Presentation on theme: "Paraphrasing, Summarizing and Quoting Adapted from a lesson by Jillan Mattera."— Presentation transcript:
Paraphrasing, Summarizing and Quoting Adapted from a lesson by Jillan Mattera
Warm Up What do you know about paraphrasing, summarizing, and quoting?
Summarizing “Present[s] the substance in a condensed form; concise” (dictionary.com) Extracts the important information from a written work Is an abbreviated and exact form Focuses on main ideas
When & Why Original expression is meaningful but long Original is overly wordy and tends to get confusing Writer wishes to maintain focus on main ideas
How to Summarize Absorb the meaning of the passage Reflect on main points Recall main points in your own words Shorten the original work significantly Represent author’s ideas as correctly as possible Make certain that your summary is able to stand alone
Paraphrasing “A restatement of a text or passage giving the meaning in another form, as for clearness; rewording.” (dictionary.com) Saying what someone else said, but in your own words Sharing ideas with your own explanation Translating point-by-point
When & Why To explain a complex idea To illustrate that you have researched thoroughly To support your own idea To represent a writer’s key ideas
How to Paraphrase Absorb meaning of the passage Restate passage in own words – Completely new – Maintain point of view – Keep length approximately the same Include a citation ( ! ) Check accuracy with original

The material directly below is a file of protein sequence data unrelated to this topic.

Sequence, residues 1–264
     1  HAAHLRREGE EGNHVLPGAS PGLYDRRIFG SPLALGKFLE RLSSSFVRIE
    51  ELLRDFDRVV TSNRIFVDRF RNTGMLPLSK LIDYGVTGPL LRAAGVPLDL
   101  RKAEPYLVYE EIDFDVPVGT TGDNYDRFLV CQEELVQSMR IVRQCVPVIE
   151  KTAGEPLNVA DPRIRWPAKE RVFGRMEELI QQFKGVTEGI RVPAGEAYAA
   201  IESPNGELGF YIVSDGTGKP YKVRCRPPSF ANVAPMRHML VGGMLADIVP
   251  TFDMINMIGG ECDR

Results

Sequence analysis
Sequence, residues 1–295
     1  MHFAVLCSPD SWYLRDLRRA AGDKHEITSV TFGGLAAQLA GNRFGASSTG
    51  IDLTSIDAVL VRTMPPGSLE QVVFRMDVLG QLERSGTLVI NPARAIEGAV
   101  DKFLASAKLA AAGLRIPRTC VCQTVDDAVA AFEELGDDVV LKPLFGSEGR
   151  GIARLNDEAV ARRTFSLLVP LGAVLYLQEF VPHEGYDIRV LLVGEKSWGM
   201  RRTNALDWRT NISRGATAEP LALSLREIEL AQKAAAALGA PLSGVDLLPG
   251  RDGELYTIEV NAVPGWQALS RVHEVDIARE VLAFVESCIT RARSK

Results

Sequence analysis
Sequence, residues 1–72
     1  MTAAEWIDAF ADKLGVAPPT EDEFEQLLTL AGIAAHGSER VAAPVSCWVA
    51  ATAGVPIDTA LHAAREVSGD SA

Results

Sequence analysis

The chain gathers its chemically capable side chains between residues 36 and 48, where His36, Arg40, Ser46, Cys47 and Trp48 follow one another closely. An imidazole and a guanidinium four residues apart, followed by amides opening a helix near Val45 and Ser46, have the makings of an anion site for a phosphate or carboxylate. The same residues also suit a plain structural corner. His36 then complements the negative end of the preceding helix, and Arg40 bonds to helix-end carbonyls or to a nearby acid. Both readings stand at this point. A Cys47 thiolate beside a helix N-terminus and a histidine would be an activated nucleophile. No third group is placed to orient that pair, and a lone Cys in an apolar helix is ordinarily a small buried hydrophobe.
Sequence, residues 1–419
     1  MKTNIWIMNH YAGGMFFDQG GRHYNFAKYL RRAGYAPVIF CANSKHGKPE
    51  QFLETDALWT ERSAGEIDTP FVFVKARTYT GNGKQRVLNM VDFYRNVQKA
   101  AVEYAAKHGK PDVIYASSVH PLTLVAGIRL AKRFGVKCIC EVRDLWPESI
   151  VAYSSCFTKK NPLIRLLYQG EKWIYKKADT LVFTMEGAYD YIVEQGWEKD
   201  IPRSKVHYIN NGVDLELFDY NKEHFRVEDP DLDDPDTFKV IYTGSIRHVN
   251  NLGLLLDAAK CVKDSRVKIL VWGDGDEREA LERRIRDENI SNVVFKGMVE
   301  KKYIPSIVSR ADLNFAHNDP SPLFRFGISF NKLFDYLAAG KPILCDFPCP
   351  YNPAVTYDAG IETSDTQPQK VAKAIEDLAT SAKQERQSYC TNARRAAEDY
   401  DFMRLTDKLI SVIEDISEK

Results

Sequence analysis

Summary vs. Paraphrase Summary deals with main points. Paraphrase requires entirely restating. Summaries are shorter than paraphrase.
Quoting “To repeat or copy the words of (another), usually with acknowledgment of the source.” (dictionary.com) “To cite or refer to for illustration or proof.” (dictionary.com) Removing any portion of the exact words of another and using them in your own work
When & Why A piece is essential to support your argument. Word choice/style are important. Particularly specific wording is difficult to restate. Avoid direct quotations over paraphrase and summary. Quotations should be saved for the very best expressions and should not be overused.
How to Quote Use a lead in when possible. Parenthetically cite all direct quotations(in- text citations) if lead in did not include all documentation information (such as page number). Refer to MLA documentation if you are unsure.
MLA Citation Place author’s name and page number directly after quotation, summary, or paraphrase. – “Time put things in their place” (Marquez 35). – Marquez conveyed, “Time put things in their place” (35). Use shortened title when there is no author. Separate multiple sources by a semicolon.
MLA Citation Continued If you add words into a direct quotation, use square brackets ( [ ] ) If you omit words, use a ellipsis (... ). Poetry requires virgules ( / )between lines.
Resources Used Perdue Online Writing Lab P.O.W.E.R. Learning Center A Meeting of Minds Callaghan & Dobyns